SUBSCRIBE NOW
99¢ per month for 3 months
SUBSCRIBE NOW
99¢ per month for 3 months

Tigers' Jones takes pitch to face, Boyd denies retaliating

Chris McCosky
The Detroit News

Minneapolis — Matthew Boyd said retribution was not on his mind when he threw a fastball behind Twins slugger Miguel Sano in the fifth inning Saturday.

“I throw a lot of change-ups to that guy and he got me on one today,” Boyd said of Sano’s first-inning double. “So, I had to go inside on him (to get him off the change-up) and I missed. I yanked it.”

Sano took a couple of steps toward Boyd, wagging his finger at him. Catcher James McCann stepped in between them and was shoved by Sano. At that point, the benches and bullpens emptied.

Both Boyd and Sano were ejected from the game.

“The pitcher was ejected for intentionally throwing at Sano, in our judgment,” said crew chief Mike Everitt to a pool reporter. “Sano was ejected for throwing a punch at McCann.”

The reason retribution was suspected: Tigers’ center fielder JaCoby Jones was hit in the mouth by an 89-mph fastball from Twins reliever Justin Haley in the third inning, after Nick Castellanos and Justin Upton both hit home runs earlier in the inning.

Victor Martinez and Upton had been hit by Twins pitchers in the series in Detroit earlier this month, too, but the Tigers were seething about the one Jones took in the face.

“It’s one of those things, man, our center fielder got hit in the face,” Castellanos said. “We’re looking at him, and he’s got blood dripping down him. That’s not a good thing. However you want to take that, you can take it.”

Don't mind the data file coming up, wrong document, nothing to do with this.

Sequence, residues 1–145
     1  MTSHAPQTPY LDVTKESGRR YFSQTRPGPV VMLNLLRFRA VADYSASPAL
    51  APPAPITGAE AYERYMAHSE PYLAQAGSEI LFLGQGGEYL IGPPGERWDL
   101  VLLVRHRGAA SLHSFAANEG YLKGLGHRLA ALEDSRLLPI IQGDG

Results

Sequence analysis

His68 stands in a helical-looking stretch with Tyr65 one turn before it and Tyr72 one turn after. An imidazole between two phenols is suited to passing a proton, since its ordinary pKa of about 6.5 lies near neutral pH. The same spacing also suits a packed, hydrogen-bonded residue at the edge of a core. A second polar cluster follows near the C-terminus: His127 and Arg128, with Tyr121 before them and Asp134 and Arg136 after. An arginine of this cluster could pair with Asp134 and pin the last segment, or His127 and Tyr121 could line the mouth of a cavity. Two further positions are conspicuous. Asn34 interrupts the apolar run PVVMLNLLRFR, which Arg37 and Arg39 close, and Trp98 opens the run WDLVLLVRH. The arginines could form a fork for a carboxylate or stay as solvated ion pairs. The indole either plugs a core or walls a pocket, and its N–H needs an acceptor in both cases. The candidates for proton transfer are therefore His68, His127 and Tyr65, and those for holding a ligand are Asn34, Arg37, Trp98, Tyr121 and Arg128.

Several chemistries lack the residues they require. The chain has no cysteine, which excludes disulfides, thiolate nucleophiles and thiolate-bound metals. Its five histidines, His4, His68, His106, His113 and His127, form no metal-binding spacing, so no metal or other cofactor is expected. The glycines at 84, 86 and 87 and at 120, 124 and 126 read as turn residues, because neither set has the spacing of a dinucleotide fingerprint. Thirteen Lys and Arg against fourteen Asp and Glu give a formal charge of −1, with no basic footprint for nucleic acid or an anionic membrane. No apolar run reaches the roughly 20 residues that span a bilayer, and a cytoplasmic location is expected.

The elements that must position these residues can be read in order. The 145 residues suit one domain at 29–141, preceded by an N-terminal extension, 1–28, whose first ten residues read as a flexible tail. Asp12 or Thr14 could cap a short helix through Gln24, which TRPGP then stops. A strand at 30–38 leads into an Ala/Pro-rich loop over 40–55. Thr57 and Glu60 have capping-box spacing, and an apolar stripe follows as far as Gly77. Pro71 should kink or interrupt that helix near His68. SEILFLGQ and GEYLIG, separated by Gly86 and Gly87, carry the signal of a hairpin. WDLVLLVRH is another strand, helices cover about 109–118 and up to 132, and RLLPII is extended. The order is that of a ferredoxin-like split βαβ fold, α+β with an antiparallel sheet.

Jones lip was split, though initial reports were that he did not lose any teeth.

“It was nasty,” manager Brad Ausmus said. “I don’t get squeamish very often, but that made me squeamish. It was a half-inch long cut. You could see the meat inside.”

Jones was sent to a nearby hospital for a precautionary CT scan. Jones was placed on the 10-day disabled list, the team announced.

“It’s one thing to get hit, it’s a whole other story to get hit in the face,” McCann said. “There’s no protection. It’s not a lot of fun and you don’t like to see that happen to your teammate.”

Sano told Minnesota reporters that he didn’t believe Haley intentionally hit Jones, and he said he shoved McCann, he did not take a swing at him. Video replay confirms the latter.

Haley, who was placed on the DL after the game, sent texts to the Tigers and Jones apologizing for the pitch. The Tigers, though, blame Sano for overreacting to Boyd’s pitch.

“I think if Sano doesn’t react — and I understand why he does, I’ve been in that situation — but if he doesn’t react probably nothing happens,” Ausmus said. “But when you are a hitter, you understand the reaction.”

Home plate umpire Jordan Baker wasn’t expecting Sano’s reaction. He was in the process of putting a new ball in play when Sano made his way toward Boyd. McCann was the first to step between Sano and Boyd.

“It’s a man’s game and people are going to react the way they react,” McCann said. “I don’t know what (Sano) was going to do, but I saw him wag his finger at my pitcher. And as far as I’m concerned, you’re not going to do that when I am catching.

“I just stepped in between to prevent anything from happening.”

It turned out to be a good trade for the Tigers. It got the dangerous Sano out of the lineup, the bullpen limited the Twins two runs over the final five innings and the Tigers took a 5-4 win.

“I was unaware that Sano got tossed at first,” Castellanos said. “Once I saw Sano got tossed, too, the whole situation made sense.”

Castellanos provided the winning margin in the top of the sixth inning with an RBI double and then scoring on a sacrifice fly by McCann.

“That’s a good feeling,” Castellanos said. “Getting the RBI and scoring that run, we needed that.”

The Tigers called up center fielder Jim Adduci from Toledo. Adduci, 32, spent the last few season playing in Korea.

Twitter @cmccosky